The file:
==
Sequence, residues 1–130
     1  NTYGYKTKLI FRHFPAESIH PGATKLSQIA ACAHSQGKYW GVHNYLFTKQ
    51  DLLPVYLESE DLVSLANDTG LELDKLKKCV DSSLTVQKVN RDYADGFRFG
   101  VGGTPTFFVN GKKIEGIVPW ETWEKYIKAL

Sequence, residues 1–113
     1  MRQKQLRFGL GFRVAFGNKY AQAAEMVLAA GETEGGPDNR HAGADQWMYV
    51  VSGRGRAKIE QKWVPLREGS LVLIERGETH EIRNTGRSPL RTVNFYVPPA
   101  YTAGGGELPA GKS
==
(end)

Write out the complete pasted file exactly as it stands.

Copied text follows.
Sequence, residues 1–130
     1  NTYGYKTKLI FRHFPAESIH PGATKLSQIA ACAHSQGKYW GVHNYLFTKQ
    51  DLLPVYLESE DLVSLANDTG LELDKLKKCV DSSLTVQKVN RDYADGFRFG
   101  VGGTPTFFVN GKKIEGIVPW ETWEKYIKAL

Sequence, residues 1–113
     1  MRQKQLRFGL GFRVAFGNKY AQAAEMVLAA GETEGGPDNR HAGADQWMYV
    51  VSGRGRAKIE QKWVPLREGS LVLIERGETH EIRNTGRSPL RTVNFYVPPA
   101  YTAGGGELPA GKS